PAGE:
YOKOSUKA NAVAL BASE, Japan — Japanese police had not identified a suspect as of Friday evening in the stabbing death of a taxi driver Wednesday night in Yokosuka.

A Commander Naval Forces Japan official said Thursday that a Yokosuka-based sailor was being sought for questioning in the case. The sailor is not a suspect, said CNFJ spokesman Cmdr. David Waterman, but “he may have information related to the crime.” Neither the U.S. Navy nor Kanagawa prefectural police would discuss the sailor Friday.

The sailor — who sources say is a seaman apprentice off the Yokosuka-based USS Cowpens guided-missile cruiser — was identified Thursday as a “person of interest” who may have information about the crime. The sailor has been in an unauthorized absence status, Waterman said.

Several sources who did not want to be named said the sailor has been absent since March 1. CNFJ referred all inquires Friday to the Japanese police due to the “ongoing” nature of the investigation.

“The Japanese police are running the investigation and we are cooperating with them,” said CNFJ spokesman Jon Nylander.

Masaaki Takahashi, 61, was found in his taxi near Shioiri station with a knife in his neck, the police spokesman said.

There were no signs of struggle, the spokesman said, adding that Takahashi was wearing his seat belt and the taxi’s motor was running when he was found by a resident of the area. An autopsy later determined Takahashi died at about 9:30 p.m. due to bleeding caused by the blade cutting his thoracic aorta, the spokesman said.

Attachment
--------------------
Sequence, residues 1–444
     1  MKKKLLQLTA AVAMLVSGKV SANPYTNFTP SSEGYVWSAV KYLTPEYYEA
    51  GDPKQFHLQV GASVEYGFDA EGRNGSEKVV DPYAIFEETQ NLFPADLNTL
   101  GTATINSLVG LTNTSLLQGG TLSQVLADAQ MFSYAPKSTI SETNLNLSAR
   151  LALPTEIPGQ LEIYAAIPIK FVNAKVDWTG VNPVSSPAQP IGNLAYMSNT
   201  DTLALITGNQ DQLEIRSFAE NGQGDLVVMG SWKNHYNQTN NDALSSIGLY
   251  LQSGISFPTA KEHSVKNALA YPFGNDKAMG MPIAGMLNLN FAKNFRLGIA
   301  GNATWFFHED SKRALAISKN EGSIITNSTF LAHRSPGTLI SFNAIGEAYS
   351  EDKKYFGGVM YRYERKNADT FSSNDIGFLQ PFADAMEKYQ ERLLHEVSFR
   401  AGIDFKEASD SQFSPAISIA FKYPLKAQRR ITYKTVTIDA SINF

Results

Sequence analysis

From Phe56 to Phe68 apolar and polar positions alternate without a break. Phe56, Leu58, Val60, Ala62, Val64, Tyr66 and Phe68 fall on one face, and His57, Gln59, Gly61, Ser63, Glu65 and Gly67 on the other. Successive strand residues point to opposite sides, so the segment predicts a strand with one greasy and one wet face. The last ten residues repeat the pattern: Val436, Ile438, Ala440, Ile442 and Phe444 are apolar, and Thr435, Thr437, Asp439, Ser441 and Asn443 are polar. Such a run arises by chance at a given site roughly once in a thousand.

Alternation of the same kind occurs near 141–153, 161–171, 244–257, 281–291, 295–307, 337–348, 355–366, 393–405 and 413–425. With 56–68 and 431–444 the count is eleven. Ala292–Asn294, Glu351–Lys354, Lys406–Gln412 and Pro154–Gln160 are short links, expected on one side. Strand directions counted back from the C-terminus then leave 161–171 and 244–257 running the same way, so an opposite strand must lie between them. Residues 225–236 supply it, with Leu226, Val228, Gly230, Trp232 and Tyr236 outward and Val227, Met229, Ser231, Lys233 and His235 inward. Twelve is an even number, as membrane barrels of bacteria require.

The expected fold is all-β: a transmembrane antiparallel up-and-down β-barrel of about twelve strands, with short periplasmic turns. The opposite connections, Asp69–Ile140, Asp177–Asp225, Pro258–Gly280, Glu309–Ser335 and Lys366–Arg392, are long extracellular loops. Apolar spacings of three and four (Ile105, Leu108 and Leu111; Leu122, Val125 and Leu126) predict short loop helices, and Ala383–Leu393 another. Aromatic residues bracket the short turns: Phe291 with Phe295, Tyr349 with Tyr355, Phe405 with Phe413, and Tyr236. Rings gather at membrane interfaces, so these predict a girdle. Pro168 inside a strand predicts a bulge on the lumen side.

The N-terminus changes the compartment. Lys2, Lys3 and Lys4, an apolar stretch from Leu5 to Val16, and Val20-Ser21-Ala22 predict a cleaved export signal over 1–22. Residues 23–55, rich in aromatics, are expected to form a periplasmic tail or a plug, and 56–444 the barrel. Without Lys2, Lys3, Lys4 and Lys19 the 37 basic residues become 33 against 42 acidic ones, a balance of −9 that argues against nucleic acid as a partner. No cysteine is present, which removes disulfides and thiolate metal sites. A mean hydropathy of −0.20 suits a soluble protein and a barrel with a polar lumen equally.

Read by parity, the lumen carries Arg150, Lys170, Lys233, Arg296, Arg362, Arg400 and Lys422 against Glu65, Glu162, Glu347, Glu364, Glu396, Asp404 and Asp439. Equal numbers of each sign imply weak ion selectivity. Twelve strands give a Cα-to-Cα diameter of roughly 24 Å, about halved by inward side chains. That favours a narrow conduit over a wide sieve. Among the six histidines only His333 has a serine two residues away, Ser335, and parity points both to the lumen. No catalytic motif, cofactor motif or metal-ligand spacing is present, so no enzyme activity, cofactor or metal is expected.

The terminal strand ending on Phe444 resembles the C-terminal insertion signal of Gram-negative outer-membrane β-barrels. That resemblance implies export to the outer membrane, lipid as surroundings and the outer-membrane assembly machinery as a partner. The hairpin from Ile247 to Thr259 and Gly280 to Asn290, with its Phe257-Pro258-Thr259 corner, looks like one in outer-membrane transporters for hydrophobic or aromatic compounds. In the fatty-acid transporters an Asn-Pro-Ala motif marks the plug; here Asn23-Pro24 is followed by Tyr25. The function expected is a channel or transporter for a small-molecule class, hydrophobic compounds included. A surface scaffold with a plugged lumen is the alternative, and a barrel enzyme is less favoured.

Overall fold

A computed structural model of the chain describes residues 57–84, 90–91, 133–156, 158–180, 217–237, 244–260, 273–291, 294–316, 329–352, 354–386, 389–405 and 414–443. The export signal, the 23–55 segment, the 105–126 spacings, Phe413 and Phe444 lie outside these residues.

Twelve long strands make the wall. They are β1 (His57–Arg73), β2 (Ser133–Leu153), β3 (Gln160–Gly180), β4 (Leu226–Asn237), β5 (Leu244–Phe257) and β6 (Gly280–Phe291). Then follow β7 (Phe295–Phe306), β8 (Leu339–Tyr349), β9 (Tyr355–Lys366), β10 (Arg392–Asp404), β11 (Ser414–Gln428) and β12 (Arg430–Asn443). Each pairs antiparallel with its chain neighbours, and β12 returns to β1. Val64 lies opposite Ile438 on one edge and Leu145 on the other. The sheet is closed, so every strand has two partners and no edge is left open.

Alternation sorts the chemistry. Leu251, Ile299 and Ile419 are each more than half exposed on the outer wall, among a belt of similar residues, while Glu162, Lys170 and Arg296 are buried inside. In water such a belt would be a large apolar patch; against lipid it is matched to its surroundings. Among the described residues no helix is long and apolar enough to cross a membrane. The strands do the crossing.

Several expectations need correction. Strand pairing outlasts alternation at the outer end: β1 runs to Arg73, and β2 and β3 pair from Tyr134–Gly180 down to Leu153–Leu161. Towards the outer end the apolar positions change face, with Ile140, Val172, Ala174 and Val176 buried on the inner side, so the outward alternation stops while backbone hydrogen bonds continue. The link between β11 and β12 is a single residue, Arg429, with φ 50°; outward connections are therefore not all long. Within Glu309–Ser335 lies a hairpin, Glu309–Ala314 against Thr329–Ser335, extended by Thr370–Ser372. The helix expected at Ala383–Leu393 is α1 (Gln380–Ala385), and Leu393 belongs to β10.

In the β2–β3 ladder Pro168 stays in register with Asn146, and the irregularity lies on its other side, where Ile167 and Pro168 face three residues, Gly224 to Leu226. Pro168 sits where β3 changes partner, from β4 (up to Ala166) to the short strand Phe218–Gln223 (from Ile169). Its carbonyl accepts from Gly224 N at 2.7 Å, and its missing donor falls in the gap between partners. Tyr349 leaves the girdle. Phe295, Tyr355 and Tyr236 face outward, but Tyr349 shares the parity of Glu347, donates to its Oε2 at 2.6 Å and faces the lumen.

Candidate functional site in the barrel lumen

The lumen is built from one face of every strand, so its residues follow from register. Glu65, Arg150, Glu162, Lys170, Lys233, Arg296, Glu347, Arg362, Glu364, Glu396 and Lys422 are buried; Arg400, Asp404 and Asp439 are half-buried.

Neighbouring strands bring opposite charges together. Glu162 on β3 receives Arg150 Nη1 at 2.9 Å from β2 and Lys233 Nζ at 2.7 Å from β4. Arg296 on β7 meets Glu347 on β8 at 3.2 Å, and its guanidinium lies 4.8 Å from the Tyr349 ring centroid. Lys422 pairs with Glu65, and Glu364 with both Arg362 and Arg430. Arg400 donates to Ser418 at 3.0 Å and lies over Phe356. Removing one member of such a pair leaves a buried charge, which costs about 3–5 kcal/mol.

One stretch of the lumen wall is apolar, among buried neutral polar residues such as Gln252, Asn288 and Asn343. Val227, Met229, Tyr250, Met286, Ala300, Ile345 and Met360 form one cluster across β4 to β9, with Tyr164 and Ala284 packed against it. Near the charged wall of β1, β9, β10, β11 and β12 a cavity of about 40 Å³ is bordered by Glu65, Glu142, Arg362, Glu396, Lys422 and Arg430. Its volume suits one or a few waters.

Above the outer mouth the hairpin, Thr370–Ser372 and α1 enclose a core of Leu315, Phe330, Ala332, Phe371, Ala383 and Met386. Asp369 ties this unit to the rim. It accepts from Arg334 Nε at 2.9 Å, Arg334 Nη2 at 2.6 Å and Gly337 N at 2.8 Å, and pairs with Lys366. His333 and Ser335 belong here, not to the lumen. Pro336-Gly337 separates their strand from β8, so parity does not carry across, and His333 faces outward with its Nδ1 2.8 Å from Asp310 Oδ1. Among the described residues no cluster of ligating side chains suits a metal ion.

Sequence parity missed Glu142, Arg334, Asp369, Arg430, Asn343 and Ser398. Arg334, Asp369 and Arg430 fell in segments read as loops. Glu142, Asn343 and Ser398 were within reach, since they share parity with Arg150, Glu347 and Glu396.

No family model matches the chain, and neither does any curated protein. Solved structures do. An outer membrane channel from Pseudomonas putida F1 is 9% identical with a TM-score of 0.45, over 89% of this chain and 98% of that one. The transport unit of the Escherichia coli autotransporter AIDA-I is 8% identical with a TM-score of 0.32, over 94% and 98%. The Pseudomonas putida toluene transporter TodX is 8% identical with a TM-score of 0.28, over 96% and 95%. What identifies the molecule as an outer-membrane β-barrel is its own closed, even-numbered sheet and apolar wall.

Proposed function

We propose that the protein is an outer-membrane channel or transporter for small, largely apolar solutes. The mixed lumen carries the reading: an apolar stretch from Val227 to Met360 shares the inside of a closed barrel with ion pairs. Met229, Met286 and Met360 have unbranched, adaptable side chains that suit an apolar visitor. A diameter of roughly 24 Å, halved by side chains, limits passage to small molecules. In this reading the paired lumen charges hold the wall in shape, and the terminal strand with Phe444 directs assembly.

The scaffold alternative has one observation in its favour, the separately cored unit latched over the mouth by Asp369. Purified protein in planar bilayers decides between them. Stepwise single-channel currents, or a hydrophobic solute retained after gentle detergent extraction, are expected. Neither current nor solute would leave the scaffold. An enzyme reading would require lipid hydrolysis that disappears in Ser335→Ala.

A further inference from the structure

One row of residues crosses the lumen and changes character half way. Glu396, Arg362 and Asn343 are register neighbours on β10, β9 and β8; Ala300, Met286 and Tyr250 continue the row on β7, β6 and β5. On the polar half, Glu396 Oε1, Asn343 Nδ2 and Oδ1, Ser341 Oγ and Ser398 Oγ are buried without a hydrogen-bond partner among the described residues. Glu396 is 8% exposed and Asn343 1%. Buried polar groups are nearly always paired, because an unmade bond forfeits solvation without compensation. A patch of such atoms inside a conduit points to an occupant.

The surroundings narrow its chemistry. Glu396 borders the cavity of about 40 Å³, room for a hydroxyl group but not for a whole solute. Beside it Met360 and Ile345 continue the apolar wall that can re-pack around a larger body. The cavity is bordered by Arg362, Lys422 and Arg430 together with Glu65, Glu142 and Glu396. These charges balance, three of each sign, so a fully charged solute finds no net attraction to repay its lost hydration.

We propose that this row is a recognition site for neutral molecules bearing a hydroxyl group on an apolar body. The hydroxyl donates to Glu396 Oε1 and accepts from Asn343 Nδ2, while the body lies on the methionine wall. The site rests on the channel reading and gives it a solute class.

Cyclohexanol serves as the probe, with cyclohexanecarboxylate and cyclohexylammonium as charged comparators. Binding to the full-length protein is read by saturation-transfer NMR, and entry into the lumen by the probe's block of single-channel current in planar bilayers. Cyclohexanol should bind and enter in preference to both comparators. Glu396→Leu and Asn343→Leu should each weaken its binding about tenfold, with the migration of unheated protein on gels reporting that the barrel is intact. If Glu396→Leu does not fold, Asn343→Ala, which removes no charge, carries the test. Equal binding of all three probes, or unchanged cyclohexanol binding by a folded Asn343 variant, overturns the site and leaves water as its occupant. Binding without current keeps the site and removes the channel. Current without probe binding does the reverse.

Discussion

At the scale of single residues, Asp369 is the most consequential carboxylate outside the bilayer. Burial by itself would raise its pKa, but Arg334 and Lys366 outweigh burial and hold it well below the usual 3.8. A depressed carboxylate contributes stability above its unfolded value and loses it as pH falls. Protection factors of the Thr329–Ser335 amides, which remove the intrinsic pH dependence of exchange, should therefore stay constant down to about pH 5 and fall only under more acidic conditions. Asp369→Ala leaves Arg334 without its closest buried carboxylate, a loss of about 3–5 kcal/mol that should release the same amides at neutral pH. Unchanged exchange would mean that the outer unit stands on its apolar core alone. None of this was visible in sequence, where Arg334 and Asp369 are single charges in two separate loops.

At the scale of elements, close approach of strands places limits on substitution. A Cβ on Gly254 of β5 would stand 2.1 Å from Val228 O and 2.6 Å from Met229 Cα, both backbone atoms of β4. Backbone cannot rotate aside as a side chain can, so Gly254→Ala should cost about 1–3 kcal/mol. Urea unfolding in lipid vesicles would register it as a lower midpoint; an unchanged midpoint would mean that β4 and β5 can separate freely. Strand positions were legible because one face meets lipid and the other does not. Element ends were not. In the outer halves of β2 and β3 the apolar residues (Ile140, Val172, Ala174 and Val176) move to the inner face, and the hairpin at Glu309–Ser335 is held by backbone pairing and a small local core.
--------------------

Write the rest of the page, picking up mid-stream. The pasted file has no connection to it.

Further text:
Tens of thousands of yen were found in Takahashi’s pocket, the police spokesman said.

But police would not confirm Japanese media reports that a credit card bearing the name of a U.S. sailor was also found in the car, nor would they talk about their search for him.

Every car was searched Thursday at Yokosuka Naval Base and in the housing areas. At the gates Friday, U.S. pedestrians were subject to bag searches and metal detectors upon entering and leaving the base. When asked about the added security, base spokeswoman Michelle Stewart said the identification checks and bag screenings are “normal procedure.”

The additional search with a metal detector wand was used only on Americans because the “base commander has the legal right to tell Americans what they can bring on and off base” — a right that doesn’t extend to the Japanese in their own community, she said.

But Americans grumbled outside base gates Friday morning as they waited in long lines in blowing rain while their Japanese peers passed them by. Many sailors said they expected this kind of treatment after what happened.

“What do you expect?” asked one sailor in line.

Yokosuka city officials also asked the Navy to put their best effort toward finding all sailors on unauthorized absence status as soon as possible, said Takehiko Akimoto, the city’s military base division chief.

Takahashi was characterized as a single man who had “personal magnetism” and “took care of new employees,” said Hiroyuki Watanabe, corporate officer for the ANZEN Group taxi company’s Shinagawa office.

Takahashi had worked for the company for seven years and usually drove around Tokyo, Watanabe said. The company did not know where Takahashi had been driving on Wednesday night because his taxi wasn’t equipped with a Global Positioning System or a camera, Watanabe said.

Stars and Stripes reporter Chris Fowler contributed to this story.

author picture
Hana Kusumoto is a reporter/translator who has been covering local authorities in Japan since 2002. She was born in Nagoya, Japan, and lived in Australia and Illinois growing up. She holds a journalism degree from Boston University and previously worked for the Christian Science Monitor’s Tokyo bureau.

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